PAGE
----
Probably the thing that most solidified that I wanted to make my dream a reality is the wonderful community of writers that I have met and now call friends.
Could you tell us a bit about your story?
My story, “The Chase,” is about a case that Holmes thinks is really not a case at all, just a crazy woman with a crazy story. But, when a young girl starts mysteriously haunting him, leaving wet footprints in his apartment and speaking to him, he realizes that there may be more to the case than he first thought. Watson thinks, at least at first, that Holmes has been using drugs again and has imagined it all. Once the chase begins, they both realize that this is not a case like any other they’ve solved.
What gave you the inspiration for your story?
When I was working on my undergraduate degree at Winthrop University, I took a class on the Neo-Victorian novel. One of the books I read for that class was The Seven Per-Cent Solution by Nicholas Meyer. Reading that book was the first time that I realized the role drug use played in Holmes’ stories. I’ve been fascinated ever since. The mystery of it intrigued me because I began to question the stories entirely.
What aspect of Sherlock did you change or focus on?
I focused on the idea of perception versus reality and how drugs can blur that line. Or do they? One thing that I really wanted to show was the questioning that Watson does of Holmes’s grasp on reality, particularly when Watson realizes that he’s been using the drugs again.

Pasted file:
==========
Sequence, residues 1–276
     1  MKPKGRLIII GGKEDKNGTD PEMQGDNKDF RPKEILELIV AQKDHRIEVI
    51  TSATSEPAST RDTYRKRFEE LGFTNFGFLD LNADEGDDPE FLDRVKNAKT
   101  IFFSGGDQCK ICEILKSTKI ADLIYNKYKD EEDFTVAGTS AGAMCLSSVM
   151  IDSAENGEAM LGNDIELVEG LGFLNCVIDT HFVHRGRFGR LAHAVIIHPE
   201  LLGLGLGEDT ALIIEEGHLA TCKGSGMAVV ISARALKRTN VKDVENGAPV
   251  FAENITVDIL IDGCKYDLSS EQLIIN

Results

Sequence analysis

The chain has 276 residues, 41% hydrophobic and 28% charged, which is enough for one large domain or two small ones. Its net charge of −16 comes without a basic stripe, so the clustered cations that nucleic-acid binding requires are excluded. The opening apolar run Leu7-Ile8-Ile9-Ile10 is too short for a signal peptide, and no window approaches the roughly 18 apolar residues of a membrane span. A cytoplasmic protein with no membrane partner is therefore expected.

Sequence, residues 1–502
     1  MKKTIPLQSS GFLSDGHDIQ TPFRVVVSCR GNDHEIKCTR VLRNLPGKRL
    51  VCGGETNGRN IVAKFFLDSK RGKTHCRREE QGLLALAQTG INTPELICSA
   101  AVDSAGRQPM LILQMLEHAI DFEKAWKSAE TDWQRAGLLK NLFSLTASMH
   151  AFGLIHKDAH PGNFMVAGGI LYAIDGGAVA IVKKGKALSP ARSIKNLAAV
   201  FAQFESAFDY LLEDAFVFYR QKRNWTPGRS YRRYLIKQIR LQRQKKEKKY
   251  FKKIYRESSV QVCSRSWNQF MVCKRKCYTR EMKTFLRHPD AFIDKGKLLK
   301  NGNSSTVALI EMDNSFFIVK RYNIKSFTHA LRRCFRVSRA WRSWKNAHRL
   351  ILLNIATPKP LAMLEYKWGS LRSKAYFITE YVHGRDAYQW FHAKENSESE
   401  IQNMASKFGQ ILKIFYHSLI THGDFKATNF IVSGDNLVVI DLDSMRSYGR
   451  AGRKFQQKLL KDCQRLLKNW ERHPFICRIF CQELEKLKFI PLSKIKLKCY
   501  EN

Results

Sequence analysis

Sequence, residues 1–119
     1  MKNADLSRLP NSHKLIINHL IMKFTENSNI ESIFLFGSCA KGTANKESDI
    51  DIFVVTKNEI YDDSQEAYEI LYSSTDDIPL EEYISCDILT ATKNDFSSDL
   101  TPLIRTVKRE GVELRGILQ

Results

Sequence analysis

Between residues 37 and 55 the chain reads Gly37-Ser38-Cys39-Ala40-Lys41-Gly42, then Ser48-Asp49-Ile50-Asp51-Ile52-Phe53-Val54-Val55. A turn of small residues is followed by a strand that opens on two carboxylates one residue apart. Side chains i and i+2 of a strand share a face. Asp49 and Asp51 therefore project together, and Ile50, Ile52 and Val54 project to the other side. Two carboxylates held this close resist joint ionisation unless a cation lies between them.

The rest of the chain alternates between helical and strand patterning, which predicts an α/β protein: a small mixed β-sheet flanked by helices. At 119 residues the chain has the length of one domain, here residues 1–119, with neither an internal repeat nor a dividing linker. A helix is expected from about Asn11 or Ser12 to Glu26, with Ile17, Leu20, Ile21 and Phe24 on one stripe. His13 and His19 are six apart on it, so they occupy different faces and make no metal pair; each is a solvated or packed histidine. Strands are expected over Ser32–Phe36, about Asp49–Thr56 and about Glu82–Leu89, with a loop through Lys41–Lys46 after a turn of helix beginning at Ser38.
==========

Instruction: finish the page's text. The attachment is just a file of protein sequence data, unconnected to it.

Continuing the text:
The juxtaposition of illusion and truth is something that I have always found fascinating.
Are your characters based off real people or did they all come entirely from your imagination?
Sherlock is real, right? And Watson? Moriarty was definitely real.
Otherwise, no. None of my characters are based on a real person. Actually, unless you count the dog, there’s really only one other character in my story besides Holmes and Watson. That character is entirely from my imagination. Thank goodness.
What is your favorite writing tip or quote?
I have to pick just one?
My favorite thing that has been said directly to me was said to me by David B. Coe.
“Finish the damn book.” – David B. Coe
My favorite writing quote in general is actually in my email signature so I see it all the time!